Pork Belly, Five Ways

Versatility is an important characteristic in an ingredient, and few are more versatile than pork belly. You ask folks about Korean cuisine, and the usual suspects come up – BBQ, bibimbap, kimchi. In the grilled meats realm, bulgogi and galbi were the top vote-getters maybe five, seven years ago. But arguably in recent years, charbroiled pork belly has risen in the ranks.

But pork belly over charcoal is just one way to transform the animal to edible form. A recent stroll through H-Mart was enough to remind me of some sublime recipes.

I give you “Pork Belly, Five Ways.”

Here is the standard cut. Around half an inch thick, balanced layers of fat and muscle. Perfect for grilling with course sea salt.

Here is a similar rendition – “tenderized.” We also call this “honeycomb” pork belly. The H-Mart offering looks like an angry butcher had himself a tricep session. The idea is for the pork to cook faster with increased internal heat exposure, with added tenderness.

Pork and kimchi (specifically, “old” kimchi that is further along in the fermentation process) goes well together like chicken and waffles. The cut below is in smaller chunks for stir-frying with spicy-sour-pungent kimchi. Add peppers, onions, gochoojang, garlic, and rice wine, and your pork horizon will expand beyond your imagination. (Not pictured here are cuts for inclusion in kimchi stew. Those cuts typically have more fat, which produces a rich, hearty broth.)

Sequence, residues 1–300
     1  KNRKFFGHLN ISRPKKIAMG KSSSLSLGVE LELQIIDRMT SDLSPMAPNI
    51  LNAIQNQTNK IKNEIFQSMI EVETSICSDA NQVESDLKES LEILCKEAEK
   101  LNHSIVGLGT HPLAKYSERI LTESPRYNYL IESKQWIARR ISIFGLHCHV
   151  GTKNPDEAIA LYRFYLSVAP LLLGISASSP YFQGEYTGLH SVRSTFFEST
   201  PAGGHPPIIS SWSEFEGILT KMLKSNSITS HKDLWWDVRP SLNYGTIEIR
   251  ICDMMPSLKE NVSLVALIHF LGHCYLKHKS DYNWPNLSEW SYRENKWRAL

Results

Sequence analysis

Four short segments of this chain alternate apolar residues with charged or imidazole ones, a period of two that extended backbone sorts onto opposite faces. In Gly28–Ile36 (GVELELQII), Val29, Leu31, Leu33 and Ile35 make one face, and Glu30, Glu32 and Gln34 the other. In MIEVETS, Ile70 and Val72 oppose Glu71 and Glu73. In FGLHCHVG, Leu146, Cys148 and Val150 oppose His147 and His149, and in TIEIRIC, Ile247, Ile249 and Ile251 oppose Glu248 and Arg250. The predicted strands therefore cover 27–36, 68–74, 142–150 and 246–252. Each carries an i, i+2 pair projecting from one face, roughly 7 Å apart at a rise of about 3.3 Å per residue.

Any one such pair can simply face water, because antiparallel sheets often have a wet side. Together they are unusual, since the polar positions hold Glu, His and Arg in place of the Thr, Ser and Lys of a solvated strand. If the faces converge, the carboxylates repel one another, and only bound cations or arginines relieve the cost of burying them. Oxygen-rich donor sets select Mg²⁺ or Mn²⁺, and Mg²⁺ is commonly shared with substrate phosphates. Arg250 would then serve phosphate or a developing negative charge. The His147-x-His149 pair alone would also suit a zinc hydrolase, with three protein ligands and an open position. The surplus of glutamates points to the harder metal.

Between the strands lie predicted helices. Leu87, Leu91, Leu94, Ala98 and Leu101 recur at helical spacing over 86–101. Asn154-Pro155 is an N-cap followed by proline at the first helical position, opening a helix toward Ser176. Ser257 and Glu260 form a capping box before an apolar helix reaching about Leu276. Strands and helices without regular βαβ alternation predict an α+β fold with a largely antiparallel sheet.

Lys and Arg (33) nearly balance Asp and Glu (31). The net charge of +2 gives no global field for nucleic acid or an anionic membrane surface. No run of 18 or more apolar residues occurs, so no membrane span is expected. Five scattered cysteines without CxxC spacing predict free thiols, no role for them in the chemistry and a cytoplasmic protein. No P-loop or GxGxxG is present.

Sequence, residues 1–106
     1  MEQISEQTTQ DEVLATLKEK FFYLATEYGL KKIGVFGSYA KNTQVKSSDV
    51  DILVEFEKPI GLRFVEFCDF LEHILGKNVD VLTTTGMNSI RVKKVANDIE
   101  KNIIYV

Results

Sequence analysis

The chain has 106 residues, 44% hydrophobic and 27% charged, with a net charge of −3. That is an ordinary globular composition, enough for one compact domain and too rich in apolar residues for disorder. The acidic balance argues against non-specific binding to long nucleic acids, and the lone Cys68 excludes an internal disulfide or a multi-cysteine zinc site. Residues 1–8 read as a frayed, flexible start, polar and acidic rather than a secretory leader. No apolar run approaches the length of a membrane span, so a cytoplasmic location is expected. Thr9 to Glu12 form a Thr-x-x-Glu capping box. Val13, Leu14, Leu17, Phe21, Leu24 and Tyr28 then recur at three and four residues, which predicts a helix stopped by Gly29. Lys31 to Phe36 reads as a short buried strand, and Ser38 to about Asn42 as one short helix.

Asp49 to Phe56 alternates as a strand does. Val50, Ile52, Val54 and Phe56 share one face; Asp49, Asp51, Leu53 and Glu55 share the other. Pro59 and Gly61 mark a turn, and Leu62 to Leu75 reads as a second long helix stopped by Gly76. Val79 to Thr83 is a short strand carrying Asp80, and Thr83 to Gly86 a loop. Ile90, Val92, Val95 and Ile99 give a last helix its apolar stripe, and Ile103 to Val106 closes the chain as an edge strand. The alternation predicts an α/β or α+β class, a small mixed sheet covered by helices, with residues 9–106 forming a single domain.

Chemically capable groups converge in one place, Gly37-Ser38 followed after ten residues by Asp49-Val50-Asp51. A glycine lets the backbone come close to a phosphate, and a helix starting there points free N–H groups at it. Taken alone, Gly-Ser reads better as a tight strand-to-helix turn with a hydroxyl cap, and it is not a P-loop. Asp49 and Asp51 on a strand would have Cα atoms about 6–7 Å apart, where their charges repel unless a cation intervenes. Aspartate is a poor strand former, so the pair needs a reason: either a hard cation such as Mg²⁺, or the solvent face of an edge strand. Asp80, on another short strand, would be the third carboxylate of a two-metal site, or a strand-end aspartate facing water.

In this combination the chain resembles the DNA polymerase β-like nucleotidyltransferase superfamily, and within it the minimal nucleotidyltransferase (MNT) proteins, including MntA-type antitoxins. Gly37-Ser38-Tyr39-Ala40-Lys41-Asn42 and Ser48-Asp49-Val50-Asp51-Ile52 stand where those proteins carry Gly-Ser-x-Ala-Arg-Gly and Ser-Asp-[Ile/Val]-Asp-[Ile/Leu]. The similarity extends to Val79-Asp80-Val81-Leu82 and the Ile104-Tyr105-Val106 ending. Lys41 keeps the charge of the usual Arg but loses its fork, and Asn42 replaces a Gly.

I have not yet tried pork belly in shabu shabu. I would imagine it would be best in Szechuan-style shabu shabu (hot chili oil), instead of the milder/clearer Korean or Japanese varieties. The final cut is for boiling. In most cases, these two-inch thick cuts of meat are boiled in a simmering pot with dwenjang (fermented soy bean paste), green onions, onions, garlic, and other spices, until tender. Slice into centimeter-thick slabs and consume with raw oysters, garlic, and dipping sauce that is a combination of dwenjang, gochoojang, and sesame seed oil (folks call it “ssamjang”).

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